The former wife of a software company founder has failed in her bid to secure a new financial settlement despite the husband’s failure to disclose important financial information.
Alison Sharland and husband Charles divorced in 2012, 19 years after their marriage. Mrs Sharland ran an autism charity while her husband’s business, AppSense, became highly successful.
She accepted a settlement worth £10.4 million on their divorce, along with 30 per cent of her husband’s shares, giving up her right to half the company on the understanding, she claimed, that it would not be floated on the stock exchange for a period of time. She and her husband’s accountants had disputed the value of his shares in Appsense.
But Mrs Sharland later discovered plans to take the company into an Initial Public Offering (IPO) after all, and media speculation also suggested that the company was worth much more than had been suggested. She took her former husband to court, alleging “fraudulent non-disclosure” and claiming she would not have settled on the terms she did if she had known the true situation.
But he judge ruled in favour of the husband. He said:
“It has now been established (and is not challenged on this appeal) that this was a fraudulent misrepresentation by the husband both to the wife and to the court about a matter highly material both to the value of the husband’s shareholding, and to the time at which it might be realised.”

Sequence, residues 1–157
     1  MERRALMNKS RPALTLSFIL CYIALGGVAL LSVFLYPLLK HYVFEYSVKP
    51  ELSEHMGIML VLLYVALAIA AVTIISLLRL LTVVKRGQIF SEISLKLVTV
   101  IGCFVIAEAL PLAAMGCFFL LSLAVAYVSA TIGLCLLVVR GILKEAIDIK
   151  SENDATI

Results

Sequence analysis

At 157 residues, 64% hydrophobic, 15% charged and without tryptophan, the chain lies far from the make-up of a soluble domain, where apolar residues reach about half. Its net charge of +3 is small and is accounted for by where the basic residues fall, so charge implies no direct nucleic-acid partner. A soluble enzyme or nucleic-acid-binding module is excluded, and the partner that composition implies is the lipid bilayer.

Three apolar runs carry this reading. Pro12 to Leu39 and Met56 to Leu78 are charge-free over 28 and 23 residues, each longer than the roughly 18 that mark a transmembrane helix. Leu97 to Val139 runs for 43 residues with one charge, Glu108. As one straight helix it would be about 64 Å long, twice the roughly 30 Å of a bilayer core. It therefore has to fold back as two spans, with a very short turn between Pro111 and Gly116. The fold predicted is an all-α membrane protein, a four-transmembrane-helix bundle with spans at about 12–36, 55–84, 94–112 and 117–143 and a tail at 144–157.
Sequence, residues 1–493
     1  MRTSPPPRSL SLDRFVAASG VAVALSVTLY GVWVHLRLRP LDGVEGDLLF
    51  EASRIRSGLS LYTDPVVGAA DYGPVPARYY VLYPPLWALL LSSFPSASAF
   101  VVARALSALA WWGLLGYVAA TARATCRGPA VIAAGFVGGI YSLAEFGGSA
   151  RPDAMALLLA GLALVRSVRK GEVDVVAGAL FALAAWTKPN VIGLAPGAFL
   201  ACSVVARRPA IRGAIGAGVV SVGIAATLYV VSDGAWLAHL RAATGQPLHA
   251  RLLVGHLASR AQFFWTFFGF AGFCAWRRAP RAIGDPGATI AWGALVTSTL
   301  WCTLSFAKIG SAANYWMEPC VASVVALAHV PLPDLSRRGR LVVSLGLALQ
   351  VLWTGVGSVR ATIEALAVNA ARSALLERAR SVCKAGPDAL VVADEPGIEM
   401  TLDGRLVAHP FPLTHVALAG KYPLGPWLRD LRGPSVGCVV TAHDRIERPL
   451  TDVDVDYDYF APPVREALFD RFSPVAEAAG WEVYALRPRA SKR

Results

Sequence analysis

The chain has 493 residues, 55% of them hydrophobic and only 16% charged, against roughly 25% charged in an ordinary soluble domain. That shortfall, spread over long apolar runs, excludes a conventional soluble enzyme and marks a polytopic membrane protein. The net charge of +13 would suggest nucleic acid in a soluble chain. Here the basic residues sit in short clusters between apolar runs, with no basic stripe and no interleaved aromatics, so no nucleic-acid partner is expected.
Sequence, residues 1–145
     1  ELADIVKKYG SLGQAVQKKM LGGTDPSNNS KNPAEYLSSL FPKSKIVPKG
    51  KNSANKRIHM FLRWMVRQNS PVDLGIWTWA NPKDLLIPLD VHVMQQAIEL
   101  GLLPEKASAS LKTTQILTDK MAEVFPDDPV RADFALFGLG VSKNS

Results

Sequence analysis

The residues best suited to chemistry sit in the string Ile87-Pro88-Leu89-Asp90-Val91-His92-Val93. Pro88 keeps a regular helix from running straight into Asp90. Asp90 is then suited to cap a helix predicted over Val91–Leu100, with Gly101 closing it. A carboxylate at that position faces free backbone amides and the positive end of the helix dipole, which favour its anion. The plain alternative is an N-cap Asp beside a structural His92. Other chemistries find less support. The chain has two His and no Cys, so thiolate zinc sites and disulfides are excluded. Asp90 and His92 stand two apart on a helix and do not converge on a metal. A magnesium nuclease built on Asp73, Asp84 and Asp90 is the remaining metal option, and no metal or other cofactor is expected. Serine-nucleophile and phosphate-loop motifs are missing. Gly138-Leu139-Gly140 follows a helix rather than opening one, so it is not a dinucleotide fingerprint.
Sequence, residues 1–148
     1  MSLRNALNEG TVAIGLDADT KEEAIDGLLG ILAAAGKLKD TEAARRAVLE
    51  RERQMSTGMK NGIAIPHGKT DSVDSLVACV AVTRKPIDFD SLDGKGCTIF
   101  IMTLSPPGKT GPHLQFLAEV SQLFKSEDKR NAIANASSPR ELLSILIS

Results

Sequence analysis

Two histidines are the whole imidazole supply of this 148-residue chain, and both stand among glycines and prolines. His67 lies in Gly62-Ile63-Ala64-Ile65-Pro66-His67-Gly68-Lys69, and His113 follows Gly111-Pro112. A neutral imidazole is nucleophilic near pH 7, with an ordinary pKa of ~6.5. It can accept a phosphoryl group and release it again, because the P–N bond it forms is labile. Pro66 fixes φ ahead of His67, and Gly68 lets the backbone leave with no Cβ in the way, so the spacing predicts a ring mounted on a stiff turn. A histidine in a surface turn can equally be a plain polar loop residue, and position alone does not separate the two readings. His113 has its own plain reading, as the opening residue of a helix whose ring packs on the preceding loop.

However, he concluded that she would not have received a substantially different settlement if the husband had declared the IPO, which had in the event not taken place as planned.
Mrs Sharland took the case to the Court of Appeal, and Lord Justices Moore-Bick and Briggs, along with Lady Justice Macur, have now issued a two to one ruling, also in the husband’s favour, upholding the original ruling of Sir Hugh Bennett.
Lord Justice Moore-Bick declared:
“It may be unusual for a judge to conclude that despite a deliberate failure by one party to give full and frank disclosure the resulting order should not be set aside, but ultimately that must depend on the nature of the non-disclosure and its effect on the outcome of the proceedings. In this case the husband’s non-disclosure was deliberate and dishonest, but because of the rather unusual circumstances there were good reasons for concluding that it had not resulted in an order significantly different from that which the court would otherwise have made at the conclusion of the proceedings. In my view the judge was entitled to hold that the wife had not made out sufficient grounds for re-opening the hearing. That called for an exercise of judgment on his part and in my view his decision was one that was open to him.”
Lady Justice Macur said that, in the circumstances, the husband “may be subjected to criminal prosecution, civil contempt proceedings and/or a costs penalty. In these latter respects the abuse of the court process is penalised and deterrent measures achieved.” But his non-disclosure had not been relevant to the financial settlement, she said.
But Lord Justice Briggs dissented, insisting that the husband’s misrepresentation was indeed material and declaring that he would have allowed the appeal.
“There is a public interest in the protection of the court’s processes from fraud which transcends other case management considerations, such as finality, economy and speed.”